Phebe Vayanos, Assistant Professor of Industrial & Systems Engineering and Computer Science at the University of Southern California
Towards Robust, Interpretable, and Fair Social and Public Health Interventions
Abstract: In the last decades, significant advances have been made in AI, ML, and optimization. Recently, systems relying on these technologies are being transitioned to the field with the potential of having tremendous influences on people and society. With increase in the scale and diversity of deployment of algorithm-driven decisions in the open world come several challenges including the need for robustness, interpretability, and fairness which are confounded by issues of data scarcity and bias, tractability, ethical considerations, and problems of shared responsibility between humans and algorithms. In this talk, we focus on the problems of homelessness and public health in low resource and vulnerable communities and present research advances in AI, ML, and optimization to address one key cross-cutting question: how to allocate scarce intervention resources in these domains while accounting for the challenges of open world deployment? We will show concrete improvements over the state of the art in these domains based on real world data. We are convinced that, by pushing this line of research, AI, ML, and optimization can play a crucial role to help fight injustice and solve complex problems facing our society.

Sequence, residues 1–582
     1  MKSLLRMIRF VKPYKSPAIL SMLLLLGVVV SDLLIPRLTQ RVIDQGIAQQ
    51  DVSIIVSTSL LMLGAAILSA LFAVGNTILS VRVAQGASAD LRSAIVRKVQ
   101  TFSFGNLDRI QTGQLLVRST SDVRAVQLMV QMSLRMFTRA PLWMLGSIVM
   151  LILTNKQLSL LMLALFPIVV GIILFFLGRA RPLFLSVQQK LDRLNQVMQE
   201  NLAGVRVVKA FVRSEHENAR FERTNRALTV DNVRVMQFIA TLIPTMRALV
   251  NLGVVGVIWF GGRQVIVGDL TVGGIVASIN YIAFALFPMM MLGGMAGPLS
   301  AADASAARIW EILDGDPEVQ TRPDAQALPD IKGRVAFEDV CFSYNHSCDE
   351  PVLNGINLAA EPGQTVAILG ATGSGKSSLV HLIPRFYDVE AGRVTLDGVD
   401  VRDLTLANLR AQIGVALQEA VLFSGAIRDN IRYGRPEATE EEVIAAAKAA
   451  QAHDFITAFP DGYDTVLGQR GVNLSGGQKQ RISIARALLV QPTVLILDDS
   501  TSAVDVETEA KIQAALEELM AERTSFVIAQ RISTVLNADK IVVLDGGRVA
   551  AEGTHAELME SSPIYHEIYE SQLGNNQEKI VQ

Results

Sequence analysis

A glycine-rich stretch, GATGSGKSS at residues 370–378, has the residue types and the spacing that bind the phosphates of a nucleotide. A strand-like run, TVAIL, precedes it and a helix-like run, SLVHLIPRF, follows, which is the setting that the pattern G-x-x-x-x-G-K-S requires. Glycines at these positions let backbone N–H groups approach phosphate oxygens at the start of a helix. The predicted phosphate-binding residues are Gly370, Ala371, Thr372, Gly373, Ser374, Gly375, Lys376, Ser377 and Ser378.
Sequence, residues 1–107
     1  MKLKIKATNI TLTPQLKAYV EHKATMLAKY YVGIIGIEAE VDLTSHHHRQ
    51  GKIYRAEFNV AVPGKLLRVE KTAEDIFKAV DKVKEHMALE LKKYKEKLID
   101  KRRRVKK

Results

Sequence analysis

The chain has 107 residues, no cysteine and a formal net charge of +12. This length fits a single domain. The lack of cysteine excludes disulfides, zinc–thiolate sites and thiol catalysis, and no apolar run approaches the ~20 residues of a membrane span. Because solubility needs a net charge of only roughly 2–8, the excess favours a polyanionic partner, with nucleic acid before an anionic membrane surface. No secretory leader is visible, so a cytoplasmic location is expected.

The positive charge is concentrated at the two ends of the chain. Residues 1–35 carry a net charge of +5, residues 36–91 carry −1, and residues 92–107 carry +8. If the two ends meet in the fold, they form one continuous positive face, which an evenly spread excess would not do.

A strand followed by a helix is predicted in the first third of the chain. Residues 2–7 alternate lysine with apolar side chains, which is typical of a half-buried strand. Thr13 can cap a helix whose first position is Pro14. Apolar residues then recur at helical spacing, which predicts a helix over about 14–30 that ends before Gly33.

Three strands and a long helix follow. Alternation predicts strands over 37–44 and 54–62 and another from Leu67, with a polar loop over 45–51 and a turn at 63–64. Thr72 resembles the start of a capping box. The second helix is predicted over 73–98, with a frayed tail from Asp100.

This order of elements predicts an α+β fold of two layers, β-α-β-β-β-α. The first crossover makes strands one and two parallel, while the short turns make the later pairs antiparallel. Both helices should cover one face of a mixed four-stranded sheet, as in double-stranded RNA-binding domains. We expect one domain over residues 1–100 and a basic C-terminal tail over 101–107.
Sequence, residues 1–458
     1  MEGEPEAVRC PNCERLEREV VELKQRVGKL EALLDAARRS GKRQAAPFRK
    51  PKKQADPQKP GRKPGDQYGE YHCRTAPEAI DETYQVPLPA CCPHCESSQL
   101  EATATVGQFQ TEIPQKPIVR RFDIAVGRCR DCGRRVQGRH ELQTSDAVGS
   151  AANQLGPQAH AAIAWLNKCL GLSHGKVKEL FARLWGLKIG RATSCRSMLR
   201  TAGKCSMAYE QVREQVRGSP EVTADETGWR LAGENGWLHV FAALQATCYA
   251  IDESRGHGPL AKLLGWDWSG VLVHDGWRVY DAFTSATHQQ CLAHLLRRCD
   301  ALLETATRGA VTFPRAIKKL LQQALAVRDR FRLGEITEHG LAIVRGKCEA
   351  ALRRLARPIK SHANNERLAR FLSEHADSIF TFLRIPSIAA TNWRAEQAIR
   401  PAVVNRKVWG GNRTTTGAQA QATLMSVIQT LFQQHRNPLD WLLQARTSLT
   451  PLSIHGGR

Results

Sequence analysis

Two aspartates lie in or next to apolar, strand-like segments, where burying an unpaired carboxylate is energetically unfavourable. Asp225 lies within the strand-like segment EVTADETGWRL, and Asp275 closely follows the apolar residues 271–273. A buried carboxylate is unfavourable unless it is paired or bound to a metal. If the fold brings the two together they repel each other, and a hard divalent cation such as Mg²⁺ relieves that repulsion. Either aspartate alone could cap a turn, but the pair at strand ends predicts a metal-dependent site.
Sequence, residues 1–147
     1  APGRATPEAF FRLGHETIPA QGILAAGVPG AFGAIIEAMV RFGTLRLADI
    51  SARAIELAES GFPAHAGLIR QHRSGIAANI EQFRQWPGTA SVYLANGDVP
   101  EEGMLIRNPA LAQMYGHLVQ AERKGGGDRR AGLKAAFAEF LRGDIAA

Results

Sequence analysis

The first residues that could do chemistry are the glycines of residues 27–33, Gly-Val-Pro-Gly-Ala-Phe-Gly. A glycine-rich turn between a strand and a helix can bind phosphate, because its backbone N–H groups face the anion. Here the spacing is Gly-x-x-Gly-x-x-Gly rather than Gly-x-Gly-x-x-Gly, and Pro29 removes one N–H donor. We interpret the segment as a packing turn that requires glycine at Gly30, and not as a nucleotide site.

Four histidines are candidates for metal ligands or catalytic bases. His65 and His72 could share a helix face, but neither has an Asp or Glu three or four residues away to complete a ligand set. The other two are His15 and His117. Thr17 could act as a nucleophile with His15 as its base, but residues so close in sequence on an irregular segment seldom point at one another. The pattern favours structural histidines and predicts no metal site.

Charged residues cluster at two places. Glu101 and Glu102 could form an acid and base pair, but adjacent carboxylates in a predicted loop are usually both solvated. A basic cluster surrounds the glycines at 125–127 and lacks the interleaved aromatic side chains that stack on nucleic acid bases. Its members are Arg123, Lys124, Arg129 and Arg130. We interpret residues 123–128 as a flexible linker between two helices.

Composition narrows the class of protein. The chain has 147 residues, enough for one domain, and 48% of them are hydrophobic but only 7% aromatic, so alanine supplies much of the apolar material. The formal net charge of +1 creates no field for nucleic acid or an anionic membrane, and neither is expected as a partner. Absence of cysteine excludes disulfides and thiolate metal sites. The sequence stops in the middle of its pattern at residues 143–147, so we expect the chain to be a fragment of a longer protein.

Biosketch: Phebe Vayanos is an Assistant Professor of Industrial & Systems Engineering and Computer Science at the University of Southern California. She is also an Associate Director of CAIS, the Center for Artificial Intelligence in Society. Her research is focused on Operations Research and Artificial Intelligence and in particular on optimization and machine learning. Her work is motivated by problems that are important for social good, such as those arising in public housing allocation, public health, and biodiversity conservation. Prior to joining USC, she was lecturer in the Operations Research and Statistics Group at the MIT Sloan School of Management, and a postdoctoral research associate in the Operations Research Center at MIT. She is a recipient of the NSF CAREER award and the INFORMS Diversity, Equity, and Inclusion Ambassador Program Award.